or or or

The automatic transfer of any unused inheritance threshold between partners will not be permitted:

  1. On estates worth above £1million.
  2. Where assets of £100,000 are held outside of the UK.
  3. If gifts of over £150,000 were made in the seven years proceeding the death.
  4. Where the payment of a Life Insurance policy has been made to a beneficiary other than the immediate partner.

This is by no means an exhaustive list of the rules of Inheritance Tax transfer and we would strongly advise that you speak to a financial advisor about your estate planning.

Non-UK individuals who live and are married to a UK citizen can elect to be included within the Inheritance Tax system; this cannot be removed unless they live outside of the UK for four consecutive years. For individuals whose spouses do not live within the UK the Inheritance Tax threshold for their estate has been increased from £55,000 to £325,000.

I am in a civil partnership how will Inheritance Tax affect my partner?

If you have been through a Civil Partnership ceremony you will be treated the same as a married couple when it comes to Inheritance Tax. However, if you have not made your partnership 'official', then you and your spouse will not receive the same Inheritance Tax breaks as a married couple.

Can I mitigate Inheritance Tax?

There are ways in which you can reduce the likelihood of your family paying Inheritance Tax but there are no guarantees that they will work.

In order to reduce the value of your estate to £325,000 or under:

  1. You can receive an Inheritance Tax exemption on any donations to charity, political parties or national institutions (within specified limits).
  2. You can receive an Inheritance Tax exemption on any gifts to your partner - this is available to married couples or those with a registered civil partnership, living in the UK.
  3. You can gift up to £3,000 per annum to an individual friend or family member - any unused allowance can be carried forward to the following tax year.
  4. You can gift up to £250 per annum to however many friends or relatives that you like.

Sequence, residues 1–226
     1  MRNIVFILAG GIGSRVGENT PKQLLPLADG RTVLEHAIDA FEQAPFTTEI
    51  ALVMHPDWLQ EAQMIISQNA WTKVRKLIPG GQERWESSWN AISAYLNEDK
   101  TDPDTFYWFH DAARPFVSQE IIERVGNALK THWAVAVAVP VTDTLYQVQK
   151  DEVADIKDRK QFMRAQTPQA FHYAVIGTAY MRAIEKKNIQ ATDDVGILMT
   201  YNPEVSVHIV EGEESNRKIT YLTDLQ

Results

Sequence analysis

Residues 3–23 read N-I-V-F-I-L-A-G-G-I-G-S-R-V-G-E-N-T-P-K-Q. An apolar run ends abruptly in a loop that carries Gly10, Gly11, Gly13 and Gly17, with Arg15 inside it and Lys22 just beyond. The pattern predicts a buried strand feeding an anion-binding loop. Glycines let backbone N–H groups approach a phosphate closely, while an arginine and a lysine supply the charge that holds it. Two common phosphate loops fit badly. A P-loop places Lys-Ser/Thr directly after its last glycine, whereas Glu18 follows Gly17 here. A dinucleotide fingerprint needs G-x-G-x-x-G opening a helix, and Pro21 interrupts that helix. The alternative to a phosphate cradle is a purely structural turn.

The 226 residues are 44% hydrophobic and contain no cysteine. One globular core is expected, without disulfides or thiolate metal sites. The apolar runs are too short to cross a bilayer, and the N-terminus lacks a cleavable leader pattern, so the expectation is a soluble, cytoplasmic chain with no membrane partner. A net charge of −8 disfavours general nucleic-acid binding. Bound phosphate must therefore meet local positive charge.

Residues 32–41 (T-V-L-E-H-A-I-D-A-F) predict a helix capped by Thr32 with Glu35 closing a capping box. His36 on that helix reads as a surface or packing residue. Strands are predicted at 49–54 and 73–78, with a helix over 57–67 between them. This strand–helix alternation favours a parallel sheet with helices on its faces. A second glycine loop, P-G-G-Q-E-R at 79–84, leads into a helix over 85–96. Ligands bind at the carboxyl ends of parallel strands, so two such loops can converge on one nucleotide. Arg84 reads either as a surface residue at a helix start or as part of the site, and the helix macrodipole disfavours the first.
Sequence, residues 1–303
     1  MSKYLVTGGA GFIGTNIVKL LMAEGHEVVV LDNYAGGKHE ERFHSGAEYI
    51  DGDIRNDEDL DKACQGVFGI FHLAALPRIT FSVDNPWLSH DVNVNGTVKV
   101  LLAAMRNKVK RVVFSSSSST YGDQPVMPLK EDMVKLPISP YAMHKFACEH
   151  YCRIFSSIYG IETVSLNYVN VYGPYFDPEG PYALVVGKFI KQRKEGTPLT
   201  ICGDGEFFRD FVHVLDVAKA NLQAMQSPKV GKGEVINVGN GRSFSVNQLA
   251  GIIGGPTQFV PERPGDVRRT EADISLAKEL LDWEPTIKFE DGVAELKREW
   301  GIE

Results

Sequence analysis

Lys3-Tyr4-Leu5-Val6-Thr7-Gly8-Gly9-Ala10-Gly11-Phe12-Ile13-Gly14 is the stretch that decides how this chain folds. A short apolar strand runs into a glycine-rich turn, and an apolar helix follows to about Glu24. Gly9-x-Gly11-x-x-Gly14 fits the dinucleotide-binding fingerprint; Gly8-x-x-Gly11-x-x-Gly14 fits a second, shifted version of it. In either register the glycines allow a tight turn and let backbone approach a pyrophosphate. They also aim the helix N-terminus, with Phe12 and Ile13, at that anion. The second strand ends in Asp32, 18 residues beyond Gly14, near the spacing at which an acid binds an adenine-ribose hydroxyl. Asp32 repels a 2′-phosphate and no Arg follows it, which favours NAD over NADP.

5. You can gift up to £5,000 to your child should they become married or register a civil partnership. Grandparents can donate up to £2,500 and anyone else can donate up to £1,000.
  6. Gifts for Christmas, birthdays, anniversaries and other religious celebrations are exempt.
  7. Gift part of your estate to your inheritors - if you die within seven years of the gift, Inheritance Tax will still be applied, at a reduced percentage for each year that has passed.
  8. You may be able to put money into Trust for a disabled benefactor or child, but this is not always allowed.
  9. You may receive Inheritance Tax relief on businesses, woodland, farmland and National Heritage properties.

You normally cannot mitigate Inheritance Tax by:

  1. Gifting your property to your children and continuing to live there.
  2. Placing your money within a Trust. This is different to writing a Whole of Life or general Life Insurance policy into Trust, which are exempt.

If you are in any doubt about the strategies that you have taken to reduce your families Inheritance Tax bill upon your death, speak with an independent financial advisor as soon as you can.

Top Quote UK Financial Services do not take any responsibility for the content of this article and information has been sourced from the sites listed below. We do not currently offer financial advice on Inheritance Tax planning, but we can direct you to a fully qualified Wealth Management Consultant who can provide advice in this area.

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The Financial Conduct Authority does not regulate Inheritance Tax Planning